The first venue to fully dissolve the boundaries between shop, bar and restaurant, this fairly small space is smartly designed. Choose a bottle from the well-stocked New Street Wine Shop shelves to take away or drink in for a very reasonable £8 corkage. You can also buy by the glass or sample top-end wines from the Enomatics. The range concentrates on European classics. A playground for wine lovers.


Noble Rot

The front windows of a wine bar overlooking the street

Credit: noblerot.co.uk

When Noble Rot’s first venue opened its doors on Lamb’s Conduit Street in Holborn, oenophiles fell over themselves in their enthusiasm for its cooler-than-thou interiors, delicious food and adventurous wine list. A second site, taking over former institution The Gay Hussar in Soho, has followed to perhaps even greater acclaim. At both restaurants, most wines by the glass are offered in 75ml ‘taster’ or 125ml servings, with a decent, ever-changing range also available by Coravin. Those with deep pockets might be tempted by a glass of Trimbach Riesling Cuvée Frédéric Emile 1996 or a Château d’Yquem from the same decade. But there are plenty more eminently affordable options too. The wider list has a notable bent towards France, with plenty of representation from around the globe. The lunch set menu is ridiculously reasonable, and invariably delicious.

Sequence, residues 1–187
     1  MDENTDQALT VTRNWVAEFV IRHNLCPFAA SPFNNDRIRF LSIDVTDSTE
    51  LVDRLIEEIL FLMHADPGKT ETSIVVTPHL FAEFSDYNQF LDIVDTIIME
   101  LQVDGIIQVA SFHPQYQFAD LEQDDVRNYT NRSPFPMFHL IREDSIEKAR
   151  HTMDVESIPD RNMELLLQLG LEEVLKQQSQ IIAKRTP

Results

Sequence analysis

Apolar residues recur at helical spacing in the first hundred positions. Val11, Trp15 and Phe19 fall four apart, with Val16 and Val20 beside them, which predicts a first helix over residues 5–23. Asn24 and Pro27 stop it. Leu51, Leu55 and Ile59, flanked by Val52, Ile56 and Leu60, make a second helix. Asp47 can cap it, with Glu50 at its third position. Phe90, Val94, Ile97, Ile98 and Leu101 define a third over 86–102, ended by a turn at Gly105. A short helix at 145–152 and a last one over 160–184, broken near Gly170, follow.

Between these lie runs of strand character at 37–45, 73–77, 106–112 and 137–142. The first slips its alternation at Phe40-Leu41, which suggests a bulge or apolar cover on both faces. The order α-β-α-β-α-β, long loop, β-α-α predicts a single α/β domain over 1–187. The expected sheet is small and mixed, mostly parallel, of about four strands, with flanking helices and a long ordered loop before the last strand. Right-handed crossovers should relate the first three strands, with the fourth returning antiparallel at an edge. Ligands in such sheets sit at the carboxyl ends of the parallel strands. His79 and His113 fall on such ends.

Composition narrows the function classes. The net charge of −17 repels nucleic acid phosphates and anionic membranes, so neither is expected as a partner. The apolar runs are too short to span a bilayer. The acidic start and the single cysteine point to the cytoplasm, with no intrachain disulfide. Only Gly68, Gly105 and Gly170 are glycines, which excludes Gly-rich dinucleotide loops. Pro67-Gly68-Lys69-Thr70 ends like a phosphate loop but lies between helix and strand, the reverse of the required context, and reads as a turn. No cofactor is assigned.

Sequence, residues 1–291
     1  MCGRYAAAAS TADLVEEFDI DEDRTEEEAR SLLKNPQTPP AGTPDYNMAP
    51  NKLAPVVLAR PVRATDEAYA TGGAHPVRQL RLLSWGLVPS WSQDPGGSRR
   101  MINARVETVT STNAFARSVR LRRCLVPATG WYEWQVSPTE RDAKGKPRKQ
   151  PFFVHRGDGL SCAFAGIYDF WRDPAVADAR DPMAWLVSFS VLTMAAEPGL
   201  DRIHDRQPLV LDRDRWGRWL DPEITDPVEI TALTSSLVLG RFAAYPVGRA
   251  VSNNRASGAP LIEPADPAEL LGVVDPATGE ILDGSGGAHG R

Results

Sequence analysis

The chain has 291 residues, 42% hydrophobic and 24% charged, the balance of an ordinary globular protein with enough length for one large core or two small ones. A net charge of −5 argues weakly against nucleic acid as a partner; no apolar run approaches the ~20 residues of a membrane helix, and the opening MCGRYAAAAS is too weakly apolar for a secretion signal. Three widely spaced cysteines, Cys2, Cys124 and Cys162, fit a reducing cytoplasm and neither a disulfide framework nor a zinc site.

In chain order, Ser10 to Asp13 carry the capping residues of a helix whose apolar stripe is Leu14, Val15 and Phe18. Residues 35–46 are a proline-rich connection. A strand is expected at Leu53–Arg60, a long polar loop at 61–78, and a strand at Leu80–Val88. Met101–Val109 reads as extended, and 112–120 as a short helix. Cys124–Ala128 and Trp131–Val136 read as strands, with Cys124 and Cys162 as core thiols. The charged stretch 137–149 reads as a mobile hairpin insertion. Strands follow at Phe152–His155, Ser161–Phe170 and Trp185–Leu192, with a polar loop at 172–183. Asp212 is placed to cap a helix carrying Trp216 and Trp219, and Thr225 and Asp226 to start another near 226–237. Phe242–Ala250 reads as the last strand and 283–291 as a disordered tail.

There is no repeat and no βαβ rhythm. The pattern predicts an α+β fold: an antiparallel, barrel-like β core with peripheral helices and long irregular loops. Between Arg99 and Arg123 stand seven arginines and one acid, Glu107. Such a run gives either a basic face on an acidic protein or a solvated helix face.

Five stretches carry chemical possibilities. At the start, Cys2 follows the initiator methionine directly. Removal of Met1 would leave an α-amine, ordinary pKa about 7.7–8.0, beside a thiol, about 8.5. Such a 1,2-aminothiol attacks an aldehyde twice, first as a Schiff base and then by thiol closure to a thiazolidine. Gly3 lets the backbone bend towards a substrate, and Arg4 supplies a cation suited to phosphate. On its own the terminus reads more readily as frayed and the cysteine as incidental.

Sager + Wilde

Inside a wine bar with wooden tables and white globe lights

Credit: www.sagerandwilde.com